How Will Conference Expansion Affect Duke?

Mike KlineAnalyst IJune 10, 2010

The news hit like a tornado across the Great Plains: The Big Ten (or Big 11) was growing by at least one school.

With that news, writers, bloggers, and commentators across America took to the task of deciphering what this would mean for the newly expanding conference and what looks like the soon-to-be defunct Big 12 Conference.

While the Pac-10 and Big Ten appear to be making moves to become mega-conferences a la the Big East, conferences like the ACC and Conference-USA have to be wondering how this might affect them.

If the Big 12 could be pillaged into nonexistence, could the same thing happen to the ACC? If so, what would that mean for Duke?

The ACC expanded to its current 12-team format for the sake of football. The goal was to bring in traditional power Miami and add solid programs in Virginia Tech and Boston College to improve the ACC's football.

While the success or failure of that move is still up for debate, the move certainly cost the ACC's basketball something special in its round-robin regular season.

Duke, a power in basketball and defending national champions, can rest easy knowing that it is hard to imagine them not ending up in a power conference if the ACC ceases to exist. However, the Blue Devils' improving, yet considerably more feeble football program, does make you wonder about the school's future.

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For a long time, many felt the ACC should trade Duke out for another "football" school. However, that was not going to happen thanks to the success and money-making ability of the basketball program.

And there was no way Duke would be in one conference for football and another for basketball.

So, if a drastic change comes to the ACC, what becomes of Duke?

For starters, you can look to Duke's closest neighbor and fiercest rival, North Carolina. There is no way that those two schools will not end up in the same conference. The revenue and attention from at least the two basketball games they play would be reason enough for any conference to desire both.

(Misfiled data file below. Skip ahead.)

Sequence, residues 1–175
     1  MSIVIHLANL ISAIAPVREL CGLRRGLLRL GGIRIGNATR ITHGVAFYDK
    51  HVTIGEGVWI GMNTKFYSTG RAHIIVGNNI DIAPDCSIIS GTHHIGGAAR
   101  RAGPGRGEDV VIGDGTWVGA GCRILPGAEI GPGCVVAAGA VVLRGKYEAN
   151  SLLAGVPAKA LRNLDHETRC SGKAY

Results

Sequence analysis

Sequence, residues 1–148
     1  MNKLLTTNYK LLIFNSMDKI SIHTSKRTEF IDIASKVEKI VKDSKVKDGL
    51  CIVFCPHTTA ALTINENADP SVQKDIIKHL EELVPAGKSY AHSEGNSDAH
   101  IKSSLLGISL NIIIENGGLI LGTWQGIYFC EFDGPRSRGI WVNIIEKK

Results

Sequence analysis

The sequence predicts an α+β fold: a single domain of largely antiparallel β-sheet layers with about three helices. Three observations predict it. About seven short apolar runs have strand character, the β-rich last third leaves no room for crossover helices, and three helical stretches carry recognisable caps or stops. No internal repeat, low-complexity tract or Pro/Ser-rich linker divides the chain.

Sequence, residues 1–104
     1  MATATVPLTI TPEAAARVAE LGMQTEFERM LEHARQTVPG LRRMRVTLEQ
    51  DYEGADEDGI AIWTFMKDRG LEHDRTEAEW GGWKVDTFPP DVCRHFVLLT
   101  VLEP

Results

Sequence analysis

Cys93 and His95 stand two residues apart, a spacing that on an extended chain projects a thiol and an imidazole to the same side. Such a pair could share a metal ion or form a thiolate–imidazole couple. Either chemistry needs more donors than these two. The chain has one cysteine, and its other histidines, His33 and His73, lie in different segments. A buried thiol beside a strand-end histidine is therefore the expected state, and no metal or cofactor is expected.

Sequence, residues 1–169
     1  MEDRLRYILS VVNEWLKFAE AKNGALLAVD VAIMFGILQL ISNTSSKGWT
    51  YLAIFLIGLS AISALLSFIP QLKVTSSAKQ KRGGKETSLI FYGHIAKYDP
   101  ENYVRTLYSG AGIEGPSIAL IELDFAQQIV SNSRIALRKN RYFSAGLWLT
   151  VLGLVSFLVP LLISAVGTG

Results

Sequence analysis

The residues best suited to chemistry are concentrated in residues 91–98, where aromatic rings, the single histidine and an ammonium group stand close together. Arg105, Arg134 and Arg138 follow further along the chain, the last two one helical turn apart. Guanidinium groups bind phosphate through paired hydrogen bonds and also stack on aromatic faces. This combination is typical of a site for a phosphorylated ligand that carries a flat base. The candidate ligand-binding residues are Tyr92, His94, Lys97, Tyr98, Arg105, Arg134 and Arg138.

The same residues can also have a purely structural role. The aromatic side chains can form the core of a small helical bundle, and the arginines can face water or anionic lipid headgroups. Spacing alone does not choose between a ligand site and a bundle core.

It is understandable that Duke football doesn't have much appeal, but coach David Cutcliffe has worked very hard at making the once-laughing stock of Division 1 a respectable program, who was one win away last year from being bowl eligible.

An overlooked benefit of having Duke in your conference is probably the school's academic prowess.

Duke generally provides the ACC with some of, if not the highest graduation rates. And that is pretty much for every sport.

With the amount of negative press that programs and conferences have been receiving for not meeting even basic academic requirements, Duke would be a boost to a conference's attempts to appear like academics are still important in college athletics.

So, it is clear Duke will have a home; however, there will be some negative consequences on Duke if the ACC folds, especially for the football program.

The ACC, as it currently stands, gives Duke the best opportunity to continue to build the football program to a respectable level as a regularly bowl-eligible team. The current level of the programs allows an improved Duke team to at least compete.

A move to a super-conference full of uber-competitive or traditional football powers might stunt their growth and development. It would also make it even harder than it is to pull themselves from the perennial cellar dwellers they have been. They would also have to recruit against the giants of the college gridiron.

In the long run, it remains to be seen what the future holds for the ACC. If the current trend of expansion continues to grow, as it appears it will, the ACC will either have to grow bigger by recruiting more schools, or die.

Duke will find a home regardless of what happens. Whether that is in the current or expanded ACC, or another conference with a name that demonstrates a mathematical paradox, we do not yet know.

As it stands, it is will be an interesting few months for Duke and the ACC as a whole as the NCAA landscape changes forever.